Questions Regarding Grandparenting
Empty Nest Parenting
by Richard and Linda Eyre
During the past three columns we have discussed common questions of empty nest parents and regarding 1. when kids first leave home, 2. when they start jobs or careers, and 3. when they marry. This column deals with the questions that come up when our children have children and when we enter the glorious (but not without challenge) stage of GRANDPARENTING!
As in earlier columns, we will state the question and then give some responses from empty nest grandparents (first name and last initial) and then from first-time parents (first name only). Our own comments will be labeled “R&L” and our co-author daughter Saren’s comments will be under her name. Remember, there are no common “right” answers here – just a lot of ideas and opinions to think about as you form your own strategy.
Remember as you read that this is the time when the vertical and diagonal relationship really seems to become horizontal. Those who made you a parent are now parents themselves. Suddenly they understand certain things and can relate to you with a new commonality. But with grandchildren comes a whole host of new questions.
How will our relationship change once our kids have their own children?
Marilyn J.: I think you should just be their cheerleader now. They’re at the most hectic and busy time of their lives when they have little kids, and they just need to know that we went through it and that it’s okay!
Carolyn M.: I think this is the biggest of all the changes. Now our kids are really like us. They understand what we went through with them. It’s neat! It opens up whole new areas of commonality and conversation.
Aja: Even though I don’t have kids of my own yet, I’m sure my mom will answer my questions and give me advice when I need it, but I hope she will give me (for I think I will dearly need it) unending support and affirmation of my potential for being a good parent. It is when I really love myself that I feel most receptive to the positive influences of my life, current and past.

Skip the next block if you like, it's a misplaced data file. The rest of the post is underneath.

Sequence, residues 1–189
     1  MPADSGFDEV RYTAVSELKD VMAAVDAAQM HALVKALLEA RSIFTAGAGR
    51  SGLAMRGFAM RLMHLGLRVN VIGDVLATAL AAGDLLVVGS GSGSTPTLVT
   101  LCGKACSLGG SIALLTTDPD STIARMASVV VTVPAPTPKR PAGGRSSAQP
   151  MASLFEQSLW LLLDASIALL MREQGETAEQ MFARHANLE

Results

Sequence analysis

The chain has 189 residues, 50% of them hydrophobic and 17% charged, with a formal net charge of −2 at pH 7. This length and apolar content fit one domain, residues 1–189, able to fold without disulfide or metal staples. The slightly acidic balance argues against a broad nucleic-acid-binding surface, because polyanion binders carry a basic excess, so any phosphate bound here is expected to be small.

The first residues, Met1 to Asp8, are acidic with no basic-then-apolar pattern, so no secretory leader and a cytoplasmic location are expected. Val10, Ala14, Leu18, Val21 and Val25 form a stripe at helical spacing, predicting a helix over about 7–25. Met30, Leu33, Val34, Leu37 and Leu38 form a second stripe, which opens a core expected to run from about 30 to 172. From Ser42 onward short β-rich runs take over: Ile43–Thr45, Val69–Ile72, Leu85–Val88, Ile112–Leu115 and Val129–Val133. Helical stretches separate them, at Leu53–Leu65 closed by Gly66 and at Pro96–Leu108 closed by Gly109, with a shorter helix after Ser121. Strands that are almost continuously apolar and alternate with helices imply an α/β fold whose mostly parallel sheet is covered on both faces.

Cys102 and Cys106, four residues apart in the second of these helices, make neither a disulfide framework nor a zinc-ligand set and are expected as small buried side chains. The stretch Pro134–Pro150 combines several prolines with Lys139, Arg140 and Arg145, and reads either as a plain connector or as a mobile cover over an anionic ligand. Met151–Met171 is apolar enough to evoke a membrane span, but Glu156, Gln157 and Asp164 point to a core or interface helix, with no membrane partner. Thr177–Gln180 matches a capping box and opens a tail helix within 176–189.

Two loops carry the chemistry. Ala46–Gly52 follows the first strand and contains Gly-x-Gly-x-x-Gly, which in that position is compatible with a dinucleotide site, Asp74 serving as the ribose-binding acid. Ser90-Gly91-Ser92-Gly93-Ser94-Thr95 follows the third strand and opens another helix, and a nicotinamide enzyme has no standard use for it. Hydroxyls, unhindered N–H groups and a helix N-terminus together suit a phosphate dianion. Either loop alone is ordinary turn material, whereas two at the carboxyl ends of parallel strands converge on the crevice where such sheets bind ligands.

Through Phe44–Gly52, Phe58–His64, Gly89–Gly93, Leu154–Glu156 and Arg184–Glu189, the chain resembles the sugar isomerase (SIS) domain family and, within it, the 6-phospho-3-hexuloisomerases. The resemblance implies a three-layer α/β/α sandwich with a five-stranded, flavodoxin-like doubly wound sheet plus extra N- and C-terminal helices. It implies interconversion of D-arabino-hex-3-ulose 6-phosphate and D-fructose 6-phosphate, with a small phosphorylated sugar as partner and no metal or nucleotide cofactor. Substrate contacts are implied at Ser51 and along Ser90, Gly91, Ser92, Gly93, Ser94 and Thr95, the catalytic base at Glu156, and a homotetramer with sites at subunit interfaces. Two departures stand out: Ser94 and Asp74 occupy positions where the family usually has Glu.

Saren: In some ways, once they have their first child, your adult children will need you more than they have in years. They’ll have questions about diaper rashes and spitting up and sleeping schedules. They’ll want you to be on hand frequently to ooh and ahh over the most beautiful children in the world. They’ll want you to approve of them as parents, and they’ll probably want to help you define your role as a grandparent as the role evolves. They’ll ask for quite a bit of advice, and you’ll doubtless think of lots of unsolicited advice you could give. You may find that you talk more frequently and have a closer relationship than you have in years. But it’s also important to continue to show interest in and encourage your children’s interests and abilities and activities that are not child-related. When you talk or get together, I think it’s a good idea to always ask at least a few questions of your kids that have to do with something other than your grandchildren!
How much should I help with my grandchildren? Can we draw appropriate boundaries on our involvement and dependency on each other if my kids live near me and we see each other a lot?